Even though certain authorities ( Wells 2007; Huys and Lee 2009) make a clear distinction between these two species in their respective keys, the identity of P. brevirostris and P. congenera is blurred and their distinction remains difficult because of the variability in some key characters (i.e. number of segments of the female antennule, presence / absence of a well-developed projection on the second antennulary segment, and shape of the rostrum), and because the variability of one species seems to overlap the variability of the other. In their analysis of the observed variability in some American species of Cletocamptus Schmankewitsch, Gómez et al. (2004) observed that the whole range of variability of a species seldom overlaps the range of variability of other species, suggesting that such variability should be under genetic control. As far as evidenced in the literature, the range of variability of P. brevirostris overlaps almost entirely the range of variation of P. congenera , casting doubts on the validity of separating these two species. Also, it has been suggested that the use of genetic tools ( Willey 1935) and a revision of both species based on collections from as wide a geographical range as possible ( Hamond 1973) would contribute to a better understanding of their identity.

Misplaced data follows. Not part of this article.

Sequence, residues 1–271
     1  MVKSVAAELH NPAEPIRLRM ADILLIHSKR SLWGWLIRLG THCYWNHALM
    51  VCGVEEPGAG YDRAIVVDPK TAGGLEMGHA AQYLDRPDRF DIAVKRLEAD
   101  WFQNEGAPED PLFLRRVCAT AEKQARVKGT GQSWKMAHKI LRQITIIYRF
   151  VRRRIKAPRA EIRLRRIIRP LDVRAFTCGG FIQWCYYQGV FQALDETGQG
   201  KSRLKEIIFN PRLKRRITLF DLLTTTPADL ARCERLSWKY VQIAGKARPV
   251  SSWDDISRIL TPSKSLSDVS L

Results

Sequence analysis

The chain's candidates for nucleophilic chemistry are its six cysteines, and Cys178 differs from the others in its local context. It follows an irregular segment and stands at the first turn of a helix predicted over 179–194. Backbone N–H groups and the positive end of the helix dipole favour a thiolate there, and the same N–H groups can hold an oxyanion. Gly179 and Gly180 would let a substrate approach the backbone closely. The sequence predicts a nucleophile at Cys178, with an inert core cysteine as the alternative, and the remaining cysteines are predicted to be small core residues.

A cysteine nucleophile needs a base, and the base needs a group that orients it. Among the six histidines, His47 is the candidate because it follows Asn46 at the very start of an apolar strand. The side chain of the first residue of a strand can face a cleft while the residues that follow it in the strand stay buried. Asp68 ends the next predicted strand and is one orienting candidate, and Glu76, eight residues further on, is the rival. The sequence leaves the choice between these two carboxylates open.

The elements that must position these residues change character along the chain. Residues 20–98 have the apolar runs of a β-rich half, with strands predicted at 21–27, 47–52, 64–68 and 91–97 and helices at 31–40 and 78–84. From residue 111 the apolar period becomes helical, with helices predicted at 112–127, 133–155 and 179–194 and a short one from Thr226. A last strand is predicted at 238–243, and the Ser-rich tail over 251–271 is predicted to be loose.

The Mexican material presented herein is provisionally assigned to P. congenera . The morphological variability falls within the range described above and, as done before by others, we relied on the presence of a seven-segmented female antennule bearing a small conical process on the second segment ( Figure 11D View Figure 11 ), the length: width ratio of the caudal rami ( Figures 10A, B View Figure 10 , 11A–C View Figure 11 ), and the shape of the female P5 ( Figure 12E View Figure 12 ) to attribute this material to P. congenera , even though, the rostrum is only slightly bifid at tip (not shown).